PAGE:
Last night, AC 360 featured a report by CNN's Gary Tuchman from a health care town hall meeting held that day by Rep. Steve Rothman (D-NJ), who faced a large, hostile crowd for three hours in North Arlington, NJ. After the meeting, Tuchman gathered a group of presumably representative attendees together and asked them why they thought all the "yelling and screaming" was necessary:
You'll notice that during the interview, CNN displays a graphic that should have thrown up a red flag for Tuchman: One of the town hall protestors – who says the "yelling and screaming" is necessary because "If you were about to be hit by a bus and didn't see it coming would you like me to yell and get your attention?" – is captioned "Valley Stream, NY."
Valley Stream is in Nassau County, between 52 minutes and two and a half hours away from North Arlington, NJ, depending on the traffic (and trust me, there's always traffic).
And yet, Tuchman had no questions for the man about how he happened to end up in a town meeting for a different congressman in a different state. Because it's not like there's a wide-ranging campaign by national conservative organizations to pack Democratic town halls with protestors who oppose health care reform.
On Sunday, I noted a new Gallup poll that provides further evidence that the May Gallup poll showing a significant spike in the percentage of people who self-identify as "pro-life" was an outlier. (To be clear, it was always obvious from looking at the poll that it was an outlier and should not be taken particularly seriously. The new Gallup poll is just the icing on the cake.)
Today, Steve Benen rounds up some of the other reaction to the new Gallup poll, and takes a look at which of the two polls got more media attention. You'll have to check out Benen's post for the results, but here's a hint: the "liberal" media has a strong track record of privileging opposition to abortion.
Say you're Washington Post editorial page editor Fred Hiatt, and you're looking for a column that will help people understand the health care debate. You could chose one that makes clear that health care reform does not involve, as Sarah Palin mendaciously claims, "death panels" that convene to kill children and the elderly. But that would be boring! So you run this, instead:
The issue here is not that these citizens consider Obama untrustworthy -- though they do. The issue, rather, is that they recognize that the stated goals and structure of a policy may not fully capture its full range of outcomes in practice. This is why these citizens, including professionally briefed participants such as Sarah Palin, can continue to maintain, in the face of a barrage of insistences to the contrary, that the reforms will (1) result in rationing and (2) establish "death panels."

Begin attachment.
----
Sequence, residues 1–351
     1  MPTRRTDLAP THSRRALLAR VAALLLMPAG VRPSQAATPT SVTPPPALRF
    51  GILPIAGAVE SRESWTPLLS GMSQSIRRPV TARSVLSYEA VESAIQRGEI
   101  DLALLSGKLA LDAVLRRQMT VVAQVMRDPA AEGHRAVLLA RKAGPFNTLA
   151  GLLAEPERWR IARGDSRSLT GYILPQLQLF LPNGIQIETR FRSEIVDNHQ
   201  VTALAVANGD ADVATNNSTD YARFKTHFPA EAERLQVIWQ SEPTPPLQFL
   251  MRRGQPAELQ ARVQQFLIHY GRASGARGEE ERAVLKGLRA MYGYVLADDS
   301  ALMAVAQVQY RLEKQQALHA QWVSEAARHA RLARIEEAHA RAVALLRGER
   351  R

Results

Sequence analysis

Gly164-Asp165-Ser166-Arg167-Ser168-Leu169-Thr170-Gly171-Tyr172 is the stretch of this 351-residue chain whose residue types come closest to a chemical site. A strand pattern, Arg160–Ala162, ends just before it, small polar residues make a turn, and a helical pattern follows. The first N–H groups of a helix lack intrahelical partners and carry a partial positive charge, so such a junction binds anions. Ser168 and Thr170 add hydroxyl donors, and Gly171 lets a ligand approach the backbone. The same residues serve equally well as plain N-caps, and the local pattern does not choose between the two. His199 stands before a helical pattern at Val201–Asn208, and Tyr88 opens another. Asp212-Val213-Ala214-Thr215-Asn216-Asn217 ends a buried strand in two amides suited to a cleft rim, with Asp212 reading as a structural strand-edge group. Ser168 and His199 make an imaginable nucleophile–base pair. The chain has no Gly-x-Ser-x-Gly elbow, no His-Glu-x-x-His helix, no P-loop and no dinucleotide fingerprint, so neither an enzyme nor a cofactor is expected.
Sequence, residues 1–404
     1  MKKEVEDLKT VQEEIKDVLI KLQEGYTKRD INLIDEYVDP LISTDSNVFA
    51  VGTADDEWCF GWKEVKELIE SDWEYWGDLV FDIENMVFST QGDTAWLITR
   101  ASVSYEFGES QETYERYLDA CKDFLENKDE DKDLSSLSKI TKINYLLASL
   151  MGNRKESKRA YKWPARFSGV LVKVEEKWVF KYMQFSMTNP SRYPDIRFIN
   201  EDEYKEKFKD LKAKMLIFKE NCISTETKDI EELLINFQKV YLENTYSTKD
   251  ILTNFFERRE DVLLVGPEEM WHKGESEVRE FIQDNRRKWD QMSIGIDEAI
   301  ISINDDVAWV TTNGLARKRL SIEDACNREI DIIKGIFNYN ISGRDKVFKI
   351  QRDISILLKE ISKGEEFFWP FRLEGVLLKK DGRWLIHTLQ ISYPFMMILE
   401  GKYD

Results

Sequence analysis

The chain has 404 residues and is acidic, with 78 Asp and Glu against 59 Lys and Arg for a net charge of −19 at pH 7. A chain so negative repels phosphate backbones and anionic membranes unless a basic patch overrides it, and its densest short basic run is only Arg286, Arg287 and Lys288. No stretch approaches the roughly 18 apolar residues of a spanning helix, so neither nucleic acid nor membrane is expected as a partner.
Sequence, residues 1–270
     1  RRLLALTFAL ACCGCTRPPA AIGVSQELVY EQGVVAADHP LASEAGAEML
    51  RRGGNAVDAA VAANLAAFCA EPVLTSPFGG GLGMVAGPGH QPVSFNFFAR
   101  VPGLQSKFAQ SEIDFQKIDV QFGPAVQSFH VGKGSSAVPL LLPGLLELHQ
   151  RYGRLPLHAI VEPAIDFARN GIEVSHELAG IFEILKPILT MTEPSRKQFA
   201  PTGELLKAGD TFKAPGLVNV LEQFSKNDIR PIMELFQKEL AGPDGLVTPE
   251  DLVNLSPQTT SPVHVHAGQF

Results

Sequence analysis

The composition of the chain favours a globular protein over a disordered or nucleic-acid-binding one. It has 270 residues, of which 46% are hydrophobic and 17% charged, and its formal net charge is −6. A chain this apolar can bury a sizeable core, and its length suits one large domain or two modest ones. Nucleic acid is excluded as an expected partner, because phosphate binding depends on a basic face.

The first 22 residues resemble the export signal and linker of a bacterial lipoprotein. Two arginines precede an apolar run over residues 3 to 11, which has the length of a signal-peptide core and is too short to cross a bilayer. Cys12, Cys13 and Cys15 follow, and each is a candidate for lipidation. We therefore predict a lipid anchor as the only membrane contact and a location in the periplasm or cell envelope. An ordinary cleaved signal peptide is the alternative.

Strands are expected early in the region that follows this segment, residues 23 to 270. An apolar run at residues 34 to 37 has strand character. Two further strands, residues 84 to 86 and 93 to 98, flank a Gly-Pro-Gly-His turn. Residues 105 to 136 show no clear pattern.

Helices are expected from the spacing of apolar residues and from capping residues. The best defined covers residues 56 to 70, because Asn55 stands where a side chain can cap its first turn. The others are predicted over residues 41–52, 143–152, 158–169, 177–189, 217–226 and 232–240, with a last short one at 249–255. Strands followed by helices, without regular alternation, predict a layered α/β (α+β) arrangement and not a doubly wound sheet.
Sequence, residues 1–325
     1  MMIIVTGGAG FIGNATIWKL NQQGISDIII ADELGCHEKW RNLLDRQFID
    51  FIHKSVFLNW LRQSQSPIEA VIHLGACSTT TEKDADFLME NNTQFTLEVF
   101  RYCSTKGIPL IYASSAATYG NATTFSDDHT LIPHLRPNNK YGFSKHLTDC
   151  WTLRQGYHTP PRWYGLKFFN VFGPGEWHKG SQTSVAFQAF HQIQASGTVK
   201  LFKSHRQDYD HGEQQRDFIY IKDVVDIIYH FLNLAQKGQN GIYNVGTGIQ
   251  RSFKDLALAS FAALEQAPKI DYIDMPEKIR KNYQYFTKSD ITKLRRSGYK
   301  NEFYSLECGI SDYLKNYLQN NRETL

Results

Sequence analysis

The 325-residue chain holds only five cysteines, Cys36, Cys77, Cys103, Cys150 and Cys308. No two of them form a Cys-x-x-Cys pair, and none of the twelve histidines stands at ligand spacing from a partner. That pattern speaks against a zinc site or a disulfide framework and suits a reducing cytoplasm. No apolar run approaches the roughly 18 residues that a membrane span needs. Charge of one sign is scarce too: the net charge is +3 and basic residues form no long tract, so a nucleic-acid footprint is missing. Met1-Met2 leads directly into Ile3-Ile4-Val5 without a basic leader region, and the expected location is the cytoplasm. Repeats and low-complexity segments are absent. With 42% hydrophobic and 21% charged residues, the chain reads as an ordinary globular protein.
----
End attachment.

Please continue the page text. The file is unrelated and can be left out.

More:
Check out that framing: people who believe health care reform will "establish 'death panels'" are "professionally briefed," while those who point out that no such thing will happen and no such thing is contained in any proposed legislation are merely offering a "barrage of insistences." Way to stack the deck in favor of the crazy and false position.
More from Danielle Allen's op-ed:
These activists do not claim that the proposed reforms include policies whose explicit purpose is to ration, nor do the more careful among them claim that the policies will establish panels to help people decide when to die. They are not arguing about the semantic content of the policies; that is, they are not arguing about the meaning of the words that are actually in the relevant drafts of bills. Instead, they are considering, as the pragmatist philosopher William James put it, "what conceivable effects of a practical kind the [policy] may involve -- what sensations we are to expect from it, and what reactions we must prepare."
In asking lawmakers to consider not merely the goals of their policies but also the experiential meaning of concrete realities that those policies may bring, they have a point. One can't answer them by saying: "These policies won't ration; there will be no death panels." If these reforms do either of these things, they will do so as a matter of unintended consequences.